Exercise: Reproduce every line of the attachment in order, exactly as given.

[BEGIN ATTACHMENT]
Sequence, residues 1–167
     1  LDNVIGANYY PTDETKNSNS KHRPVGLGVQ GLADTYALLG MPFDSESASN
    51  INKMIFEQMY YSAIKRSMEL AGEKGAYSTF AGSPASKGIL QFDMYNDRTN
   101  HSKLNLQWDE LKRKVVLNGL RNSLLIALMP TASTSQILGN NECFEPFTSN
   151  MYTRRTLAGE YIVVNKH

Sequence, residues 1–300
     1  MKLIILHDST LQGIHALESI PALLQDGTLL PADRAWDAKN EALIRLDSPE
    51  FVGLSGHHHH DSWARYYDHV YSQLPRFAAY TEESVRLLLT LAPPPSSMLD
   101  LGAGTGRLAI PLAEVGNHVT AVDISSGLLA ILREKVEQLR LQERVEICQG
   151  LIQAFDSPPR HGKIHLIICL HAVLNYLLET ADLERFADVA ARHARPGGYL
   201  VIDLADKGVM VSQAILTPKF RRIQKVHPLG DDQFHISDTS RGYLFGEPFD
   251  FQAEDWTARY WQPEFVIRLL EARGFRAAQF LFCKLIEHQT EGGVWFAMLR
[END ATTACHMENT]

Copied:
Sequence, residues 1–167
     1  LDNVIGANYY PTDETKNSNS KHRPVGLGVQ GLADTYALLG MPFDSESASN
    51  INKMIFEQMY YSAIKRSMEL AGEKGAYSTF AGSPASKGIL QFDMYNDRTN
   101  HSKLNLQWDE LKRKVVLNGL RNSLLIALMP TASTSQILGN NECFEPFTSN
   151  MYTRRTLAGE YIVVNKH

Sequence, residues 1–300
     1  MKLIILHDST LQGIHALESI PALLQDGTLL PADRAWDAKN EALIRLDSPE
    51  FVGLSGHHHH DSWARYYDHV YSQLPRFAAY TEESVRLLLT LAPPPSSMLD
   101  LGAGTGRLAI PLAEVGNHVT AVDISSGLLA ILREKVEQLR LQERVEICQG
   151  LIQAFDSPPR HGKIHLIICL HAVLNYLLET ADLERFADVA ARHARPGGYL
   201  VIDLADKGVM VSQAILTPKF RRIQKVHPLG DDQFHISDTS RGYLFGEPFD
   251  FQAEDWTARY WQPEFVIRLL EARGFRAAQF LFCKLIEHQT EGGVWFAMLR